Published on Fuller Seminary’s Burner Blog for Pastors and Leaders.
Read the Article here
by Marcus J. Carlson
Recently I read Boundaries for Leaders: Results, Relationships, and Being Ridiculously in Charge by Henry Cloud. I have always enjoyed Dr. Cloud’s work, but perhaps more recently have found his writings on leadership to be especially encouraging, helpful, meaningful and challenging. Establishing, maintaining and evaluating boundaries as a leader is difficult, particularly in church and ministry settings in my opinion. There are a variety of reasons for this, some theological, some cultural and some related to personality as well. In my own leadership journey, setting and maintaining boundaries has been one area that has taken much longer to learn, particularly when it comes to self-care. If it were not for failure, mentors and education, I am not sure I would even be in a place where I had any healthy boundaries at all, a danger I try to be aware of so that I do not slip into old habits.
The most important message of Dr. Cloud’s books on boundaries came in one statement that was repeated throughout, “Leaders get what they create and what they allow.” This statement has been one of the most life-changing statements I have read, particularly when it comes to my own leadership, especially as the lead pastor in the church I recently started serving. It has also helped me to reflect on past ministry and community leadership, both my own as well as others. I think this statement can be transformative to all leaders and is something we should wrestle with in the contexts in which we serve. Not only will it help us to set better boundaries and take more realistic ownership, it can also guide us into the future as we seek not only to lead and improve our organizations but more importantly change and shape the culture of our organizations, communities and the world. So often churches and other organizations take on the characteristics of their top leader(s). If I were to look at settings in which I lead and looked at the best and the worst aspects of the culture, I would usually find I had primary ownership in that aspect of culture being present. Certainly our churches, ministry and organizations should be more like Christ than they should be the leaders, but this is not always the reality within human organizations. This quote could certainly be read a number of ways, but as I read it I think about the significance of my actions and the importance of intentionality. It has caused me to look at all levels of the church, particularly the overall church culture. If I look at the aspects of the church community that are unhealthy, then I need to examine what is happening that creates and allows those unhealthy aspects of the church community. I need to consider my own ownership and what I can do to no longer create or allow those things that are harmful to the church. If I examine the healthy parts of my church community that are our greatest strengths I have to ask myself what I can do to continue to create and allow those strengths to flourish and what can be done to even enhance those strengths.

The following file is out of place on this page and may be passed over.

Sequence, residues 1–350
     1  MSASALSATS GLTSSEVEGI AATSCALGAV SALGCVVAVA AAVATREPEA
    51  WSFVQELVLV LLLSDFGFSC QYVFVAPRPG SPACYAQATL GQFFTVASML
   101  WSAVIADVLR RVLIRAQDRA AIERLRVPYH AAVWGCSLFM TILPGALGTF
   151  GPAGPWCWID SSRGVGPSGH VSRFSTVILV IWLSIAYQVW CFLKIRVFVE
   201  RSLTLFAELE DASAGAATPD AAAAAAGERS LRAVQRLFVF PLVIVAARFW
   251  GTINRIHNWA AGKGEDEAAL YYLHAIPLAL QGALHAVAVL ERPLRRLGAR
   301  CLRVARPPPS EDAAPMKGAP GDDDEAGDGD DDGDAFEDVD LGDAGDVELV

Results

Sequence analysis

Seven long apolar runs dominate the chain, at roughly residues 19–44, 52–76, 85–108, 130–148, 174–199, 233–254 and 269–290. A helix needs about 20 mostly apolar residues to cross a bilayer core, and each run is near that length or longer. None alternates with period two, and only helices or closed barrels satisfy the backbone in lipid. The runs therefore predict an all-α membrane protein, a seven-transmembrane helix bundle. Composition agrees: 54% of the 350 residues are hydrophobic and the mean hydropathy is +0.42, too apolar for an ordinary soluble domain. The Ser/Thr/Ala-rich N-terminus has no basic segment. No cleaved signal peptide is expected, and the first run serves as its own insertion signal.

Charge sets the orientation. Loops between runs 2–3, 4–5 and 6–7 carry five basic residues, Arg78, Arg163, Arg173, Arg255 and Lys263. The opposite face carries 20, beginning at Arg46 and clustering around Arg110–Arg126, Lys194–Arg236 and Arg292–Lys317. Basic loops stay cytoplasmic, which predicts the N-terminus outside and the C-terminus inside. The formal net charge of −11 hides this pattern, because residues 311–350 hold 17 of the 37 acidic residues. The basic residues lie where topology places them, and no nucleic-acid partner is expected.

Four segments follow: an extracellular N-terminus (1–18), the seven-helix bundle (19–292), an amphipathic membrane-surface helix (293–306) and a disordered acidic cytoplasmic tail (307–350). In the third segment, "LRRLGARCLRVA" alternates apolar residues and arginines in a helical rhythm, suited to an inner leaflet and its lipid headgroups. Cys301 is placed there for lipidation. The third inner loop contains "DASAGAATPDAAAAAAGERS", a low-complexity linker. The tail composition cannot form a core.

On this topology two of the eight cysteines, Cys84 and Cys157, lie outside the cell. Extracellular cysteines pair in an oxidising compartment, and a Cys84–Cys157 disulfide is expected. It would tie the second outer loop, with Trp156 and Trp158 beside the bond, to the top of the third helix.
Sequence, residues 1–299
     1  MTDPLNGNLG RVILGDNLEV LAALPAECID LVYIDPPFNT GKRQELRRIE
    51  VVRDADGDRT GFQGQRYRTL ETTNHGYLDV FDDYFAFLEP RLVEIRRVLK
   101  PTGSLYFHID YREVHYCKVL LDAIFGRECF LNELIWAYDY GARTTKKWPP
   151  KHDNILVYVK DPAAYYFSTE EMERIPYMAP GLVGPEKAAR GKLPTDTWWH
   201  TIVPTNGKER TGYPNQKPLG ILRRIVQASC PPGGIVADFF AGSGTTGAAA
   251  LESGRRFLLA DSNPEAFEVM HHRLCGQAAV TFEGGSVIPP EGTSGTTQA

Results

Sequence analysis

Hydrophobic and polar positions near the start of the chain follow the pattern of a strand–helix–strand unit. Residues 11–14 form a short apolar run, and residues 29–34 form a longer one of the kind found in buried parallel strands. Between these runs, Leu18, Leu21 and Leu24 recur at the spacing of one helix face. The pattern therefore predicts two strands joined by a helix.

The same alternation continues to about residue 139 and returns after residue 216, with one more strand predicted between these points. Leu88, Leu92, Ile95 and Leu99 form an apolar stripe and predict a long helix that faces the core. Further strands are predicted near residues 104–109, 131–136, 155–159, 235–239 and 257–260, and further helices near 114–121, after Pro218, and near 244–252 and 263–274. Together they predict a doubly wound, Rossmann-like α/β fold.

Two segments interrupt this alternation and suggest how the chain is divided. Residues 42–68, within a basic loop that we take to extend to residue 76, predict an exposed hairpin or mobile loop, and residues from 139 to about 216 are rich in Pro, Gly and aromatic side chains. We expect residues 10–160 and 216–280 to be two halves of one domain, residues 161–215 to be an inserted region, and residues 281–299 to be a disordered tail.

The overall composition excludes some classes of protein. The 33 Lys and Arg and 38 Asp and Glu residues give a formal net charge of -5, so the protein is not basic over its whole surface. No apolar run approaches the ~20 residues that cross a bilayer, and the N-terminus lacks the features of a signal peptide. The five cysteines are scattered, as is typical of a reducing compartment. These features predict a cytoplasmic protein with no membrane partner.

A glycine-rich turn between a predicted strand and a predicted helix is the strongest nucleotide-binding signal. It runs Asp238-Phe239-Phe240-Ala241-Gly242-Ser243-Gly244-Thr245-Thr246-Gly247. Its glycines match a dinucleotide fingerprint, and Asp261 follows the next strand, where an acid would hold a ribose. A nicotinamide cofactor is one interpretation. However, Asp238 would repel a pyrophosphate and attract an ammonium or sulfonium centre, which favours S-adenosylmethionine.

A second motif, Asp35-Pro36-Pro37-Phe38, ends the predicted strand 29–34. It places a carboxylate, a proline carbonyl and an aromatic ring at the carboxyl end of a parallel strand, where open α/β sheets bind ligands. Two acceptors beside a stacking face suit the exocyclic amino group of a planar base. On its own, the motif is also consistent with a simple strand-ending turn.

As I have thought about these ideas and reflected on my most recent setting and my new ministry setting, I have learned an abundance of things that have changed much of my approach, style and decision-making as a pastor and leader. One of the challenges that churches face culturally has to do with how they handle conflict. Thinking about this and the quote by Cloud, I have already set out to set a paradigm for conflict and even created a conflict covenant to guide those in leadership. I believe that process is critical for healthy churches, but as I examined my own approach to things in light of this quote, I recognized some places where I did not honor process. I have want to be in a church where leadership and decisions are shared, but have had to reevaluate how I create and allow this type of leadership in the context in which I serve, as I have often relied on my own gifts to make this happen, which is a contradiction that I had to address. I cannot get the phrase from Dr. Cloud’s book out of my head and for that I am thankful. Leaders get what they create and what they allow. If you are a leader of a church, ministry or organization or even if you are a leader of a department or specific ministry, keeping this in mind is essential. Even if you are not the primary leader, this phrase can be immensely helpful in shaping the churches, ministries and other organizations that you love. As I look at the settings in which I serve in leadership, I now find myself constantly asking the following questions: what about this organization am I creating or allowing that should not be? What things in my organization do I desire or hope for that I need to work to create or allow? I have already found that asking myself these questions has changed much, and it has forced some much needed reflection on my own gifts and strengths as well as my weaknesses and areas where I need to grow. My boundaries are different as are the boundaries for the organizations I serve. I am thinking differently about the things I do and say as well as the things I do not do and do not say as I look to create a culture that is focused on Christ and looks as much like the Kingdom of God as possible. In our churches, ministries and organizations, we get what we create and what we allow.